split my opinion of Shockwave into three sections. The track, the
trains, and the presentation. The track only has one real bad spot, the
moment of ear-bashing roughness as you enter the loop, other than that
it is more than up to scratch. The only other niggles are the facts that
the first drop is not as thrilling as it really could have been, and
that it is simply too short. With the station so high in the air, the
ride needs to end while there is still enough energy in the train to do
a few nice twists or helices, which seems a shame. Other than that,
there are very few complaints.
As for the
trains, where do I start? The restraints are clumsy, heavy, and
downright horrible affairs, contorting your body into the kind of
posture only ever adopted by the cast of Thunderbirds. Frankly, whoever
came up with the idea that one side of the overhead restraint should be
fixed into place while the rest should really have known better. Worse
still, the ledges and ridges mean that riders could easily trip as they
board or leave the train. Tut tut, Intamin.
the presentation of the ride, I find it odd that a ride that looks so
stunning as you enter the park should shepherd people through one of the
most unpleasant queue lines imaginable. While Nemesis pioneered the art
of letting queue lines drift all around the ride, Shockwave's policy of
shutting people into a dark, dingy, hot wooden building with only one or
two porthole sized windows, is way beyond anything I would consider
acceptable, never mind pleasant.
for the ride has ranged from minimal (at the time of opening) to zero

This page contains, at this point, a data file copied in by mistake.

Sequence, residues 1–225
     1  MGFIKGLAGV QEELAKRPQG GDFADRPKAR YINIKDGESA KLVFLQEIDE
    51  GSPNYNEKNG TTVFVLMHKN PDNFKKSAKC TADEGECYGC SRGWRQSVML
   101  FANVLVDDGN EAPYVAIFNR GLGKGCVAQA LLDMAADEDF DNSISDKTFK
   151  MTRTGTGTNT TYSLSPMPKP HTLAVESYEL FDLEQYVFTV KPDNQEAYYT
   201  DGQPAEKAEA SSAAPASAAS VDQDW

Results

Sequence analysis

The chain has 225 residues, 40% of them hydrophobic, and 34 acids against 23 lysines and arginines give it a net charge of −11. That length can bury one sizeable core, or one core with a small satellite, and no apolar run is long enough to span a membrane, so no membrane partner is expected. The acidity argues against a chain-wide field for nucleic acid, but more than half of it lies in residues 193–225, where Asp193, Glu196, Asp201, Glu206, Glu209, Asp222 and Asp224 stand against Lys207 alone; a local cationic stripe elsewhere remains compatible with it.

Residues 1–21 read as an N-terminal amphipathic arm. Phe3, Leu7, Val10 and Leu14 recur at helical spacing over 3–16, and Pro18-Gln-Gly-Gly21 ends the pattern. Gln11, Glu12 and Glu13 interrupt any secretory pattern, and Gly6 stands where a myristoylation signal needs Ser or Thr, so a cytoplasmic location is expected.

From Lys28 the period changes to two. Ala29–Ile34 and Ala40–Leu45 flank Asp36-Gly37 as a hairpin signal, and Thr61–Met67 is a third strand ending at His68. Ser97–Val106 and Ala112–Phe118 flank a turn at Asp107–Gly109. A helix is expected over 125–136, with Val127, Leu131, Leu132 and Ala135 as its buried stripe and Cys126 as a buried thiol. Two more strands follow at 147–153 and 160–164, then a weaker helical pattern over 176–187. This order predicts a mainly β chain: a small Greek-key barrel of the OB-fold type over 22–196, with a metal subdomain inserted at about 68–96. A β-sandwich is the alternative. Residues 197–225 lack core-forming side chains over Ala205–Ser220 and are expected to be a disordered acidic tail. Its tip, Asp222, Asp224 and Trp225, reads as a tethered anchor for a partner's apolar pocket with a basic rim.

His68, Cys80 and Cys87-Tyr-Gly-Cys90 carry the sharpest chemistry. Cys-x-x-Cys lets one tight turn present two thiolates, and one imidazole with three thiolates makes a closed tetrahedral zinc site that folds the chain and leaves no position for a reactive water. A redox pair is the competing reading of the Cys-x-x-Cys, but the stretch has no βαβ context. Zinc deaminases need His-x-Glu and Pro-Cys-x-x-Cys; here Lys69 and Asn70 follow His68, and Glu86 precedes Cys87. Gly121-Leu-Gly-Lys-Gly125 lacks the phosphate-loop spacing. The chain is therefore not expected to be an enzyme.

(now), while the souvenir photo system seems to use a rather cynical
ploy to relieve riders of more money. Want a nice picture to remember
the time you ride Shockwave with your three best friends? Tough. You'll
have to buy one photo depicting the two on the left-hand side of the
train, and one for the two on the right. Never mind the fact that it
would be easy to get all four riders in one shot simply by having a
higher camera position
overall, is a thoroughly respectable coaster let down by a few too many
niggles. The prospect of having to wait in such an uncomfortable
environment would put me off the idea of queuing for the ride, while the
trains can often turn what should be a fun coaster into an uncomfortable
ordeal that only gets worse as the ride goes on. In all honesty, the
ride would be far better off if the trains ditched the stand up idea and
adopted some nice comfy sit down trains, or at least fitted with
stand-up restraints more like those on Apocalypse.
unfortunate is that Shockwave should open in the same year as Nemesis
and The Big One. While the other two succeeded brilliantly in capturing
the public's imagination, Shockwave never really managed to achieve such
nation-wide fame and prestige. Stand in the Shockwave queue and you will
often hear people brag that they've ridden The Big One - a compliment
seldom returned by those in The Big One queue.
So, we can add Shockwave to the list of coasters
that are pretty good, but not spectacularly so. It lacks Nemesis'
ability to create drama, or The Big One's ability to make people feel
(rightly or wrongly) that riding it is some sort of milestone in their
life. Taken for what it is, Shockwave is a decent ride, but it is
difficult to shake off the feeling that it could be revamped into a much
6 February 2004